But what do those letters actually mean? Well, some of those letters come to us from the periodic table, and they represent the chemical elements used in a given battery’s electrodes. The two most common types you’re liable to encounter when shopping for rechargeable Cs are Nickel-Metal Hydride and Nickel-Cadmium.

Nickel-Cadmium batteries are particularly good at maintaining a charge when not in use, so they’re ideal for users who want to put them in something that might not see a ton of use, or for users who are forgetful about recharging their batteries. They also happen to be among the least expensive options on the market. It’s not all good news for Ni-Cd batteries, however. These batteries sometimes suffer from a particular phenomenon known as the memory effect, in which recharging a battery that hasn’t completely died will cause it to lose a bit of its maximum charge capacity. In other words, a battery that lasted 100 hours could suddenly only last you 95 hours if you recharged it before it was fully depleted.

Nickel-Metal Hydride batteries are far less likely to suffer from the memory effect, which is one of their advantages over Ni-Cd batteries. Another advantage, which is also potentially the most important, is the Ni-MH’s maximum charge capacity. Essentially, these batteries can hold more juice, so they’re ideal for tools that demand a more significant energy draw like a high-end DSLR speedlight. The downside to Ni-MH batteries is that they tend to boast fewer total cycles than their Ni-Cd counterparts, meaning you’ll likely have to replace them sooner. They also tend to be more expensive than Ni-Cds.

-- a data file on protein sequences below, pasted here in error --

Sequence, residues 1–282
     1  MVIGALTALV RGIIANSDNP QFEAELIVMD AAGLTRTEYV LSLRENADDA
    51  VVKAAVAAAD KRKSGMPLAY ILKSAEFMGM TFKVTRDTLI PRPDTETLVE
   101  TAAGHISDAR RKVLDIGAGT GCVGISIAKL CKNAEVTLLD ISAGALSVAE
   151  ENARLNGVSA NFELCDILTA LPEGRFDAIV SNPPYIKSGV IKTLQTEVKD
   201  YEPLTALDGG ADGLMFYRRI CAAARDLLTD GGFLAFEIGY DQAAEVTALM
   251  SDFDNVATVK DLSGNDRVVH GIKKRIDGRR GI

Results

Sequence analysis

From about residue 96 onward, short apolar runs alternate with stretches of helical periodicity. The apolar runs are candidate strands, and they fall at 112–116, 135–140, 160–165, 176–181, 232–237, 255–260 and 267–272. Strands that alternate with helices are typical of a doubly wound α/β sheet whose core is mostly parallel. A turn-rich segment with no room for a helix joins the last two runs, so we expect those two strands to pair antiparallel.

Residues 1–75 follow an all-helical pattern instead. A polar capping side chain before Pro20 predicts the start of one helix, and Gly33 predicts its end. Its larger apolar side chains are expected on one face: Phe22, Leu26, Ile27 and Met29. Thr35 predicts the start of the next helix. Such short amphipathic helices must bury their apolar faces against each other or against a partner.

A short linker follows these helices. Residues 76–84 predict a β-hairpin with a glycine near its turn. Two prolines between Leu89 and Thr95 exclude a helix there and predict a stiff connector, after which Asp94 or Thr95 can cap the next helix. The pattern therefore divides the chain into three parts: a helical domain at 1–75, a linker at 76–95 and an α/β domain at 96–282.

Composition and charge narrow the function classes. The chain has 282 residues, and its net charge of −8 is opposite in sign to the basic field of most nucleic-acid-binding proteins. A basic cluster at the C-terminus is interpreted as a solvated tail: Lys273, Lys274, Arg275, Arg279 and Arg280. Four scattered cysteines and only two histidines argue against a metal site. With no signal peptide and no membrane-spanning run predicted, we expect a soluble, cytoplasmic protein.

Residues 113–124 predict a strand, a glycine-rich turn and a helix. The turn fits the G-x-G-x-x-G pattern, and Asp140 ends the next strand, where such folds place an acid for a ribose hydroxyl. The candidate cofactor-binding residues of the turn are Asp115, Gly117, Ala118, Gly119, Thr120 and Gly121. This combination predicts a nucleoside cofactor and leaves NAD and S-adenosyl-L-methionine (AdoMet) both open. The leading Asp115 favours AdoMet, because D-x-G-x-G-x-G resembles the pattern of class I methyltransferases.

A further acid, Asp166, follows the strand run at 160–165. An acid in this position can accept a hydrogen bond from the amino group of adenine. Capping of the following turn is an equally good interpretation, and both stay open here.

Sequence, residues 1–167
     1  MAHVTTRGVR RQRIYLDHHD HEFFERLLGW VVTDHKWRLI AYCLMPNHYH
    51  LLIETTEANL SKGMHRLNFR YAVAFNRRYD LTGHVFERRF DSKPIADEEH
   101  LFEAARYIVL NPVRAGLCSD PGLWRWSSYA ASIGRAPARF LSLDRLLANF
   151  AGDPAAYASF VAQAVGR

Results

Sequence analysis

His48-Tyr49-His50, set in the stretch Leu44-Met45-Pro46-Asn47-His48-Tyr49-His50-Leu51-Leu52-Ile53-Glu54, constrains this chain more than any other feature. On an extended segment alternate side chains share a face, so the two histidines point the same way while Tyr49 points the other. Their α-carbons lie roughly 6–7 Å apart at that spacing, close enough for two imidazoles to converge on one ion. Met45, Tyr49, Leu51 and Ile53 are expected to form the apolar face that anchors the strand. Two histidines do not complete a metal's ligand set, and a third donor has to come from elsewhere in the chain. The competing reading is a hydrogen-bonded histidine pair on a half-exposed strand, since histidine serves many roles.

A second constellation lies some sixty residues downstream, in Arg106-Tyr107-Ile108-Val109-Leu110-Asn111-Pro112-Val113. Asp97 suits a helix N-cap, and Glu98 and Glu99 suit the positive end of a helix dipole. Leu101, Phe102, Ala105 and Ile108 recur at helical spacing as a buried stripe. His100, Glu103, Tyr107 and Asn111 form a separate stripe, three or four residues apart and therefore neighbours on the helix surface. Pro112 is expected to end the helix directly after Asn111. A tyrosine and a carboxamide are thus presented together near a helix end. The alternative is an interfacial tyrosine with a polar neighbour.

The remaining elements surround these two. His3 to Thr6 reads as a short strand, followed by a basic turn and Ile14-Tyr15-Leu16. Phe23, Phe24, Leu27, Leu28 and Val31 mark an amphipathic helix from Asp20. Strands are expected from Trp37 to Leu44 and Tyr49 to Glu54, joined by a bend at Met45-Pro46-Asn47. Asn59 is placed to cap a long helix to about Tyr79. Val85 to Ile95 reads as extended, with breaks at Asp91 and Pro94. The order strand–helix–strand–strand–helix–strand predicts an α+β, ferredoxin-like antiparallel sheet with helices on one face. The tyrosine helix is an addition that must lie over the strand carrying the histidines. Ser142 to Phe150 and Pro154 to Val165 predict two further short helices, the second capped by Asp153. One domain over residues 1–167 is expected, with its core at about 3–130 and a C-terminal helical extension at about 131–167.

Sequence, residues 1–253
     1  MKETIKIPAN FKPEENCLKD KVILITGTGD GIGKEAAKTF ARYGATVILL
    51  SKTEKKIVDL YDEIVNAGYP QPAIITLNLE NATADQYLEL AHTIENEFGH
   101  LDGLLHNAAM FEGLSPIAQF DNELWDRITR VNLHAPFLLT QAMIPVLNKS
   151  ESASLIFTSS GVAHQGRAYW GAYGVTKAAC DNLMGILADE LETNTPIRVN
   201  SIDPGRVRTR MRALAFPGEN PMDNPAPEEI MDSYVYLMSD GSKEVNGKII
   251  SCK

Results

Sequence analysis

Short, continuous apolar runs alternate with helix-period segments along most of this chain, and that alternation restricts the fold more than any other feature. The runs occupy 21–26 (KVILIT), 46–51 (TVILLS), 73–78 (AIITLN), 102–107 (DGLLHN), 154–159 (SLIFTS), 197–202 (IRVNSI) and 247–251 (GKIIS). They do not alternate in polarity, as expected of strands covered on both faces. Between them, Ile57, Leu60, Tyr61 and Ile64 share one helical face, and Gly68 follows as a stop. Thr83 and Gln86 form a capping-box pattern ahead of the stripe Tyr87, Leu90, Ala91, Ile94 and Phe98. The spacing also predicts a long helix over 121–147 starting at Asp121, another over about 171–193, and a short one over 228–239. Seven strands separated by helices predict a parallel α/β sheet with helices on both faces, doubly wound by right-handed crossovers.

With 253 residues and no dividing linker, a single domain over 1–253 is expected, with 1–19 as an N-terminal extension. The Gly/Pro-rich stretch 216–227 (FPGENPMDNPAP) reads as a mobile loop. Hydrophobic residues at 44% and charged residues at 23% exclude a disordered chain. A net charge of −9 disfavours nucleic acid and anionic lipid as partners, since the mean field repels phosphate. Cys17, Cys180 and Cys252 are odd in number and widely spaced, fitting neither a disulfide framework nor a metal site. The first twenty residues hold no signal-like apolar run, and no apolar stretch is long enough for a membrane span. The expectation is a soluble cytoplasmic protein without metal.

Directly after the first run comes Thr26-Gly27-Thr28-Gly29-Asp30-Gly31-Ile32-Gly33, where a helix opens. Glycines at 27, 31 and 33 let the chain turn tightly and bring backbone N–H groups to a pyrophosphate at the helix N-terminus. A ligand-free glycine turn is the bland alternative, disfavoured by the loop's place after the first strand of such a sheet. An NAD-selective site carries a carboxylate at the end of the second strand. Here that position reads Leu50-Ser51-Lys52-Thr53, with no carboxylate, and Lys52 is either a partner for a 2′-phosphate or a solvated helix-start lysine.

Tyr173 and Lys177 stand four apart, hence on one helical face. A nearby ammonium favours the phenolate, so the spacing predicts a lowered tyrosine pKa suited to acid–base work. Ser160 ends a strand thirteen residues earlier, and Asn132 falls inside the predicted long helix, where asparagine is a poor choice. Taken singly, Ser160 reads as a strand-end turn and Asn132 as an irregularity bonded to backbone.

What To Look For When Buying Rechargeable Cs

Shopping for rechargeable C batteries will have a lot to do with where those batteries are headed. As we discussed above, there are certain benefits and disadvantages to the two main types of rechargeable C batteries on the market, and knowing how to manage those features will go a long way toward ensuring you make the right purchase.

It correlates to how many milliamperes of power a battery can provide over the course of one hour.

If you’re planning on using your new rechargeables in a device that has a high power draw, even if that draw only comes in bursts, you’ll want to spring for Ni-MH batteries. These will give you the most bang for your buck, and they’ll also ensure proper functioning of high-end electronic equipment.

Customers looking to simply keep their remote control and video game controllers juiced up can get away with Ni-Cd batteries. Given the use frequency of things like game controllers in particular, the superior total cycle lifespan of this battery type will come in handy.

You’ll also notice that batteries tend to boast their mAH, which stands for milliampere-hours. This is a way of determining how long a battery will last before it needs to be recharged (or thrown out in the case of disposables). It correlates to how many milliamperes of power a battery can provide over the course of one hour. So, if a device consumes an average of 80 mAH, and your battery is rated at 1900 mAH, it should last 20 hours of use before needing to be recharged.

These types of designations, from the chemical specifications to the power density, are generally better markers for the potential success of a battery than its brand name, especially now that global manufacturing practices have made excellent technologies available to producers whose names you might not recognize. In other words, believe the specs, not the hype, even if you think that little Energizer bunny is adorable.